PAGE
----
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Reviving out-of-copyright medical illustrations for use in medical curricula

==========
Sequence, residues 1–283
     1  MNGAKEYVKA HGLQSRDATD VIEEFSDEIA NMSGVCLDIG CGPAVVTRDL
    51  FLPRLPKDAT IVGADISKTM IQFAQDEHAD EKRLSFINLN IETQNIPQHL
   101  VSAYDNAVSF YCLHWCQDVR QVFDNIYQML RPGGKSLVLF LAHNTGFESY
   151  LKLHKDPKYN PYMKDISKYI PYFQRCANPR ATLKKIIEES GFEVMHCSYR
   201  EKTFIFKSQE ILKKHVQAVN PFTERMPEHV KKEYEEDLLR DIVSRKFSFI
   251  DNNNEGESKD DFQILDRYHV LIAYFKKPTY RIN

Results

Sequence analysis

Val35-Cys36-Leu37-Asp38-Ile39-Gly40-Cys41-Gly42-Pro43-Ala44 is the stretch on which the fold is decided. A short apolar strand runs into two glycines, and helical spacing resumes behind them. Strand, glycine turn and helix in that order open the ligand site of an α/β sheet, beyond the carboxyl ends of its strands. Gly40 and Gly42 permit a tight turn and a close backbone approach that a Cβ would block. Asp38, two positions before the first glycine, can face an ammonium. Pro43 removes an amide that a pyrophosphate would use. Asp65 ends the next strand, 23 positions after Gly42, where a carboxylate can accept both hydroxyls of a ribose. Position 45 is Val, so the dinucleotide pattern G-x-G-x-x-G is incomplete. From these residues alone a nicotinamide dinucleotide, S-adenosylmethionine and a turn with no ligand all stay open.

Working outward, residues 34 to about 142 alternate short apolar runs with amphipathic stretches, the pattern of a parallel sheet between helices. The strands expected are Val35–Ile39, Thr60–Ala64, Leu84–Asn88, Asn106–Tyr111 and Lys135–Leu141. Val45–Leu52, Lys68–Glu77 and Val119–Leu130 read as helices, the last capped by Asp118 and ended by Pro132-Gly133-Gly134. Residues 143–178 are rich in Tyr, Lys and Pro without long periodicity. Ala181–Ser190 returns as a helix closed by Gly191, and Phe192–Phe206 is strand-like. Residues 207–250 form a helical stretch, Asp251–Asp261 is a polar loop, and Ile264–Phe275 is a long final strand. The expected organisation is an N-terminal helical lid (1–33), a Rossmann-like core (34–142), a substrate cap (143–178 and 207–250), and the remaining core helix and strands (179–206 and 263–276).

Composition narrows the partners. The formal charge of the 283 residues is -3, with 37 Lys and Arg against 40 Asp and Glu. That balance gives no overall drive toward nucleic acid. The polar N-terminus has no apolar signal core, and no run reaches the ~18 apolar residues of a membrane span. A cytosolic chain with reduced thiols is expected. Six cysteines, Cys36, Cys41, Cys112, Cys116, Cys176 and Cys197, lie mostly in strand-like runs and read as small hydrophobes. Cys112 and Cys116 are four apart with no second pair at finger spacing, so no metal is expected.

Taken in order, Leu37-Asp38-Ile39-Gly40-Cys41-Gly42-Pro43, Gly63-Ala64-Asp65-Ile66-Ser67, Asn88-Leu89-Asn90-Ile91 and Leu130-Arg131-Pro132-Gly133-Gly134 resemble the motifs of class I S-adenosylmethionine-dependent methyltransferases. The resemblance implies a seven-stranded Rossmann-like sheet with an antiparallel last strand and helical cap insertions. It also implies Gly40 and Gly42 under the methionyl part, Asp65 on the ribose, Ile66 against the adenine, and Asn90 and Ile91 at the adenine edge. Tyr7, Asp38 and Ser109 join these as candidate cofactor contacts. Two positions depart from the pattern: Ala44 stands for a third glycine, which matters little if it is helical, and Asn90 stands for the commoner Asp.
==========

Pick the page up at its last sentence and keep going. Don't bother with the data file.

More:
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Clinical Anatomy 00:00–00 (2015) Letter to the Editor Reviving Out-of-Copyright Medical Illustrations for use in Medical Curricula To the Editor, Clinical Anatomy: Amidst medical curricula that are undergoing radical reform, illustrations are both enhanced with regards to clarity and there is concern that anatomy teaching may be inadequate detail, while preserving the original focus. The figure legends for the standards of postgraduate residency programs (Prince and labels were brought up to date with current concepts et al., 2005; Fitzgerald et al., 2008). With the decreasing and terms. number of hours spent in anatomy and embryology laborato- There are no known copyright restrictions for the use of ries (Craig et al., 2010), there also emerges a need for defin- the human cloaca or the forebrain section illustrations in the itive and accessible illustrations for the education of medical United States and Canada as the original books were pub- students. The illustrations contained in modern textbooks lished before 1923 and the authors died [mt]50 years ago. often lack comprehensive detail, and are occasionally in need Furthermore, as per Bridgeman Art Library v. Corel Corp of correction. Moreover, the simplified style of modern medi- (Bangle, 1999), the human cloaca illustration may be not be cal illustration has been described as a desired compromise sufficiently original to merit copyright in the U.S. because it between the professional and initiate (Strong, 2011). is a drawing of a wax model by Keibel. Medical students will often heavily utilize online resources Both images were made available under a Creative Com- provided to them, given the portability of the material and mons licence. Four components of such a license exist, each the ability to utilize it at their own convenience and pace of which must be included or excluded. These are Attributon, (Nieder and Nagy, 2002). There are myriad potential difficul- ShareAlike, Noncommercial, and No Derivative Works. In the ties with copyright in modern medical education, and an case of our images, the former two were stipulated. Attribu- increasing number of institutions have been subject to litiga- tion requires that one must give appropriate credit, provide a tion as a result of unauthorized use of copyrighted materials link to the license, and indicate if changes were made. One in their printed and online modules (Gutman, 2011). We pro- may do so in any reasonable manner, but not in any way pose that modernization efforts involving older, out-of- that suggests the licensor endorses them or their use of the copyright material may represent a viable solution for the material. Share Alike requires that if one remixes, trans- creation of high-quality teaching resources. forms, or builds upon the material, this party must distribute As digital archiving on Internet databases rapidly grows, the new work under the same or similar license as the origi- there has been an unprecedented expansion in the availabil- nal. For instance, we would be unable to apply legal terms ity of scanned out-of-copyright text and illustrations accessi- that restricted others from doing anything the license per- ble online. Consequently, there is an opportunity to utilize mits. Since Noncommercial and No Derivative Works condi- and modify exceptionally-detailed, accurate medical illustra- tions do not apply, one is free to copy and distribute the tions. Here, we attempt to modernize these images for use material in any medium or format, and remix, transform and in contemporary digital databases. build upon the material. This is legitimate for any purpose, Two scanned images were selected for modernization. even commercial. The first, “Cloaca of human embryo from twenty-five to The availability of out-of-copyright materials from vener- twenty-seven days old” from the 1918 edition of Gray’s Anat- ated medical texts represents a unique opportunity to mod- omy (Gray and Lewis, 1918), was downloaded from Wikime- ernize old illustrations while preserving their high level of dia Commons (2014, September 6). The second, “The accuracy and detail. Updating of terminology that has since forebrain section” from the 1920 edition of Ranson’s Anat- changed is feasible and worthwhile in service of the best pos- omy of the Nervous System (Ranson, 1920), was copied sible education in anatomy and embryology. The images con- from the Internet Archive (2010). tained within many anatomy and embryology texts of the Digitally-scanned online versions of the illustrations were early 20th century were painstakingly prepared by physi- compared with hard copies to ensure correct attribution. cians, scientists, and illustrators with an unparalleled appre- Adobe Photoshop CS4 was used to clean up and sharpen the ciation for these domains. source images, as well as remove the original label lines and background to yield an unlabeled base image. Subsequently, *Correspondence to: Adam A. Dmytriw, Department of Medical modernized labels were added, with improved positioning, Neuroscience, Faculty of Medicine, 5850 College Street, Halifax, clearer typeset and lines. In addition, additional hues were NS, B3H 1X5, Canada. E-mail: adam.dmytriw@dal.ca added behind the existing linework to define additional struc- tures. Legends were updated in keeping with changes in ter- Received 25 May 2015; Accepted 28 May 2015 minology and age estimates of embryonic stages. These Published online in Wiley Online Library (wileyonlinelibrary. modernized images are presented (see Figures 1 and 2). The com). DOI: 10.1002/ca.22575 C V 2015 Wiley Periodicals, Inc. 2 Letter to the Editor Fig. 1. “Cloaca of human embryo from 25 to 27 days old.” In its a) original form as published in the 1918 edition of Gray’s Anatomy (left), and b) our modernized version with improved labelling, updated terminology and revised embryo age estimate (right). [Color figure can be viewed in the online issue, which is available at wileyonli- nelibrary.com.] Revitalization efforts for incorporation into medical curric- stating fair use as well as acknowledgments with respect to ula or other teaching resources gives these exceptional reuse of materials in the interest of academic credit (Luo images a chance to be both appreciated for their exceptional et al., 2013). detail and utilized in modern medical education. Moreover, fair use of materials from Internet sources, e.g., Internet Archives, Google Books and Wikimedia Commons (Ganley, Adam A. Dmytriw* 2006), facilitates these efforts. We recommend that when Department of Medical Imaging, endeavouring to update illustrations and images as we have, University of Toronto, 236 McCaul St, that any resource which contains them includes disclaimers Toronto M5T 1W7, Canada Fig. 2. “The forebrain section.” In its c) original form as published in the 1920 edi- tion of Ranson’s The Anatomy of the Nervous System (left), and d) our modernized version with improved labelling and updated terminology (right). [Color figure can be viewed in the online issue, which is available at wileyonlinelibrary.com.] Letter to the Editor 3 Meredith. S. Sadler Ganley P. 2006. Google Book Search: Fair use, fair dealing and the Department of Illustration, case for intermediary copying. Fair Dealing and the Case for Intermediary Copying (January 13, 2006). Ontario College of Art and Design University, Gray H, Lewis WH. 1918. Anatomy of the Human Body. Philadelphia, Toronto, Canada PA: Lea & Febiger. Gutman SA. 2011. Copyright in the age of digital scholarship. Am J Paul E. Neumann Occup Therapy 65:123–124. Department of Medical Neuroscience, Luo J, Boland R, Chan CH. 2013. How to use technology in Faculty of Medicine, Dalhousie University, educational innovation. In: The Academic Medicine Handbook. Halifax, Canada New York, NY: Springer. p 117–123. Nieder GL, Nagy F. 2002. Analysis of medical students’ use of Web- based resources for a gross anatomy and embryology course. REFERENCES Clin Anat 15:409–418. Prince KJ, Scherpbier AJ, van Mameren H, Drukker J, van der Bangle P. 1999. Bridgeman Art Library, LTD. v. Corel Corp. Tul J Vleuten CP. 2005. Do students have sufficient knowledge of Technol Intell Prop 1:19–29. clinical anatomy? Med Educ 39:326–332. Craig S, Tait N, Boers D, McAndrew D. 2010. Review of anatomy Ranson SW. 1920. The Anatomy of the Nervous System. education in Australian and New Zealand medical schools. ANZ J Philadelphia, PA: W.B. Saunders Company. Surg 80:212–216. 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